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Le Modèle a bougé ("The Model Moved")

« Le modèle a bougé » (the model moved) : these are the words that Edgar Degas once used, with a hint of irony, to qualify the portraits painted by his contemporary Eugène Carrière, whose works were characterised by a certain blurriness.

A strange confusion between the reality of the model and the artist’s interpretation… Apart from the slightly mocking tone, Degas was actually raising two closely connected questions: one about the artist’s relationship with the model, the other about the artist’s relationship with movement and the image. This issue runs right through the exhibition, which looks at a range of disciplines affected by it : visual arts, photography and moving images. « The model moved » enters into a dialogue between modern and contemporary works, dealing with different aspects of this theme : With works by Marcel Duchamp and Henri Matisse, Lili Dujourie and Orla Barry, the exhibition looks at the relationship between the painter and the model, expressing a form of desire felt by the artist for the model in different ways.

It also touches on the relationships between painting and photography looking at the time spent sitting and the sometimes almost imperceptible blurriness in works by Gerhard Richter, Eugène Carrière and Felten & Massinger. The workshop’s function as a stage for the model’s sittings is looked at through the perspective of the poetical, fun works of Fischli & Weiss and Claude Cattelain, as well as the more structured works of Léon Vranken and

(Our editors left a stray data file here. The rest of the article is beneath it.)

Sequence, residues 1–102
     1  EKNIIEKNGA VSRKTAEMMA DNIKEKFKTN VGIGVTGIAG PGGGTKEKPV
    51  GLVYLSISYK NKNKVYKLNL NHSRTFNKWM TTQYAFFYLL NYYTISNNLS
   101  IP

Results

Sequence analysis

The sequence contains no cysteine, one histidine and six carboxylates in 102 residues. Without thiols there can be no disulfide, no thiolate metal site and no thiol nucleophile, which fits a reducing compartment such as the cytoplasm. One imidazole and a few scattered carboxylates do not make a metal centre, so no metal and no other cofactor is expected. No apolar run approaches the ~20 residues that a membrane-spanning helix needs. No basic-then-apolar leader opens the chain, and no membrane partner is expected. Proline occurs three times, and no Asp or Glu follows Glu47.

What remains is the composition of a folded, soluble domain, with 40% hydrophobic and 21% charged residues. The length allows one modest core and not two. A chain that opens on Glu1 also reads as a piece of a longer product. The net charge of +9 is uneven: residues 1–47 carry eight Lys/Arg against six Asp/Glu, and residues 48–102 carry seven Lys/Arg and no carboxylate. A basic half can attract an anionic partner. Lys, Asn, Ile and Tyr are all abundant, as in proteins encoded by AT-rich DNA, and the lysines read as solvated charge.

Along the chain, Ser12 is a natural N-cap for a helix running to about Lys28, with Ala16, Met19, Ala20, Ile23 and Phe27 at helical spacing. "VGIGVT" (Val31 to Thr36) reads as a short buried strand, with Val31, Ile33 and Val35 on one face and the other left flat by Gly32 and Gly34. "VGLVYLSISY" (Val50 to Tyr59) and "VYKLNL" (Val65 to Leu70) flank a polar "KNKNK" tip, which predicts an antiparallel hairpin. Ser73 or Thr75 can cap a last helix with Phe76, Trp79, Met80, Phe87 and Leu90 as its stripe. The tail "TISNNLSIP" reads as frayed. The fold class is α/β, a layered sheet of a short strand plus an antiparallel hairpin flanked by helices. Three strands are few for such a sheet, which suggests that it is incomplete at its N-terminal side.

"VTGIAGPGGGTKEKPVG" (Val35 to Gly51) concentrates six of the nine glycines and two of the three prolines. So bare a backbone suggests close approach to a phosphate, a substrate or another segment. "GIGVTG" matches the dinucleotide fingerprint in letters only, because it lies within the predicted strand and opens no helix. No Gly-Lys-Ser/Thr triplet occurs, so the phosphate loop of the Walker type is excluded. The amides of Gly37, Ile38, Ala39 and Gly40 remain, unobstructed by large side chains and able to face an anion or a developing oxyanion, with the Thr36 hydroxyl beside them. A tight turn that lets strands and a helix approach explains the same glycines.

Constantin Brancusi. Capturing the movement or vitality of a model is one of the big themes in the history of art. The relationships between the visual arts and the moving arts, such as dance or performance art, are also developed, with works by Henri-Cartier Bresson, Gabriel Orozco and Suchan Kinoshita. Lastly, works by Hans Bellmer and Roni Horn, Ulla Von Brandenburg and Hélène Amouzou go back to the initial question of the relationship between the artist and the model focusing in more detail on issues relating to identity that can arise.

A must-see exhibition for anyone keen to understand the inherent tension in the work of many artists, namely, the attempt to capture that which is by its very nature transitory, which cannot be pinned down.


Hélène Amouzou, Eugène Atget, Orla Barry, Hans Bellmer, Pierre Bonnard, Constantin Brancusi, Eugène Carrière, Henri Cartier-Bresson, Claude Cattelain, Paul Cézanne, Philippe De Gobert, Marcel Duchamp, Lili Dujourie, Eliot Elisofon, Christine Felten & Véronique Massinger, Peter Fischli & David Weiss, Bernard Gaube, Natalia Gontcharova, Jean Hélion, Roni Horn, Victor Huon, Suchan Kinoshita, Henri Laurens, Chantal Maes, Henri Matisse, Duane Michals, Laszlo Moholy Nagy, Barbara Morgan, Edward Muybridge, Gabriel Orozco, Gerhard Richter, Gert Robijns, Otto Steinert, Ulla von Brandenburg, Léon Vranken, Gillian Wearing

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